Introverts in College: The Dorm Situation
Blogger: Miranda Sieg
It was my birthday on last week! Not actually that big of a deal, but everyone I know is excited for this excuse to party. Not that we’re partiers… or rather, not that I’m a partier. In fact I’m very much not a partier. I’m what you might term an introvert. That doesn’t mean I hole up in my room all the time and snap at people when they’re in my personal space and suddenly turn off of social mode and… ok that’s exactly what it means
To those of you who feed off socialization like Oxy’s squirrels feed on fear, congratulations, you have nothing to learn, skip to the next blogger. For the rest of you, I know your pain. When I was first considering the daunting matter of living with a roommate for at least the next three years of my life, I was effectively considering the timing and course of my resulting madness. By my senior year of high school I couldn’t even stand living with my family. It wasn’t that I didn’t like them, I just hated having them up in my business and barging into my room unexpectedly. I couldn’t imagine what sharing a room would be like, especially with some stranger, except to think that it would end in bloody destruction and mayhem.
Since Oxy is still standing, obviously nothing bad happened. In fact, me and my first roommate hit it off great! I can tell you that when I got Oxy’s roommate-matching questionnaire, it was not nearly as thorough as I was expecting. Basically they asked when I tended to wake up, go to sleep, my policies on sharing, and my likelihood of partying in, or out, of the room. I’ve heard of other colleges that go all in-depth psychology on roommates, but honestly, most of my dorm of over 100 students was happy with their roommates even with the truncated questionnaire.
So getting back to the topic of extroverts and introverts, that question of whether or not you are likely to invite people over to your room or not is probably the most important, for me anyway. I can sleep when my roommate’s light is on and she’s listening to music, and I haven’t had any problems with personal-space and or items disappearing, although setting out those guidelines from the start is pretty important. But definitely the most important is knowing that when I come home, it is our space. I don’t even mind having people over occasionally, but I never, ever, want my room to become the party room. I never thought about it before, but this year my boyfriend’s room is the party room. It isn’t my room, so it’s fine, but every once in a while when that introvert switch turns on and I just need to get away from everyone and be quiet, with my computer or a book, I am very, very glad I have the option to go back to my room. And even if my roommate’s there, it’s still our private space. She’s a lot like me in that when we talk it’s great, but we don’t always have to talk, and our space is very much our own. In fact, I feel like I’m trespassing if I go over to her side of the room, even if she isn’t around. It’s not a claustrophobic feeling or anything, but I know that it is her space, just as she knows my half of the room is my space. It is a comforting feeling to know your area is as respected as you respect your roommate’s.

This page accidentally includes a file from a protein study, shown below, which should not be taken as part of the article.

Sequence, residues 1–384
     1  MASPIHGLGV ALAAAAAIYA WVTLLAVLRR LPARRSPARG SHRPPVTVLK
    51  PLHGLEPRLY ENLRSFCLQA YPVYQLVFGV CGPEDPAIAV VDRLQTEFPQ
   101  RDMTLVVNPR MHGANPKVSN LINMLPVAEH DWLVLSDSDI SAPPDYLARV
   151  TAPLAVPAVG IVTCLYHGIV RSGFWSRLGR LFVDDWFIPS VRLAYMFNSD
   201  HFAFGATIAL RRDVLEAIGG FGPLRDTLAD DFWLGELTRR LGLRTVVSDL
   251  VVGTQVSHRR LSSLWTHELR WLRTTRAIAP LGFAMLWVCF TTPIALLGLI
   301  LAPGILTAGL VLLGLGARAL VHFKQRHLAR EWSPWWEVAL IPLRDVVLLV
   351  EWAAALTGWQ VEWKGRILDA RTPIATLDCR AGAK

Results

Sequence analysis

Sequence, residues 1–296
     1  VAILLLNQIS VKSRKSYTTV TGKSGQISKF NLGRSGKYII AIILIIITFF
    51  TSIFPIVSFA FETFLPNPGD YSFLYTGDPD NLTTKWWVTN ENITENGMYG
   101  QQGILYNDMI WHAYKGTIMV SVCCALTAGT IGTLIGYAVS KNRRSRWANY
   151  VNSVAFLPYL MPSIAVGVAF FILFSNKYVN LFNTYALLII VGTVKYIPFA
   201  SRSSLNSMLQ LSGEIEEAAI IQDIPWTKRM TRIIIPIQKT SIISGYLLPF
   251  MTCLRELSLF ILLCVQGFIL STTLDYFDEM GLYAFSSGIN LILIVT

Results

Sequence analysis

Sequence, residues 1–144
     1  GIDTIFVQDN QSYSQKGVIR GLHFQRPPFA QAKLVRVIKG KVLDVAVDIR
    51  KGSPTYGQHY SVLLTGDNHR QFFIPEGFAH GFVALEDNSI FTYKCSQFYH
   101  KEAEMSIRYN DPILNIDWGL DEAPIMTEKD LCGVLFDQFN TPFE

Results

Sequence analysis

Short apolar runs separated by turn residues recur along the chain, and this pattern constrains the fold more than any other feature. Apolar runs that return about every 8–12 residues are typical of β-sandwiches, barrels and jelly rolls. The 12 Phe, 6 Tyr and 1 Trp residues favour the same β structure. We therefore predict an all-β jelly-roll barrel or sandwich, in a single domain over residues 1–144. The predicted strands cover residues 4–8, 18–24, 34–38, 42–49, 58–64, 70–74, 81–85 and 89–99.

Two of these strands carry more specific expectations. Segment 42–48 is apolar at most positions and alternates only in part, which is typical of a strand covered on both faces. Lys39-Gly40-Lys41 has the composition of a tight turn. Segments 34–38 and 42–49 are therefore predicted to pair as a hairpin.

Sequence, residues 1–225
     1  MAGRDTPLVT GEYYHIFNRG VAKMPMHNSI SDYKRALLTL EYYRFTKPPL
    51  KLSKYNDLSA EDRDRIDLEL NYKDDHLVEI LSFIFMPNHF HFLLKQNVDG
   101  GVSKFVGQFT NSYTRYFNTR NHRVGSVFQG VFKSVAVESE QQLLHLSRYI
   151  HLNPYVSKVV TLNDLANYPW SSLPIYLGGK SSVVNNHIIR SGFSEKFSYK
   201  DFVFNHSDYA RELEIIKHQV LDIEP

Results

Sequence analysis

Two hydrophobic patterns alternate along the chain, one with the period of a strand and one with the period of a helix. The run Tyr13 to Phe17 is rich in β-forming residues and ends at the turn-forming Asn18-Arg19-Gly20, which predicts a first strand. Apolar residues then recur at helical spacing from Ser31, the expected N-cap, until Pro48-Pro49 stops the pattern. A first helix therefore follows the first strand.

So, if you’re like me and need any amount of alone-time, don’t worry about having a roommate. Oxy does it’s level best to ensure you live in an environment that is safe and productive for you. If it doesn’t work out the first time, although usually it does, you can just apply for a room change! I actually lived in a triple in Bell-Young my junior year, due to a series of asinine events, and it worked out great even though the room was pretty small for three girls. So don’t let fears of crowding or lack of alone-time scare you off. My roommate experiences have been some of my most important memories at Oxy, and they are some of my most valuable friends. Good luck with your studies, your college choices, and your roommates!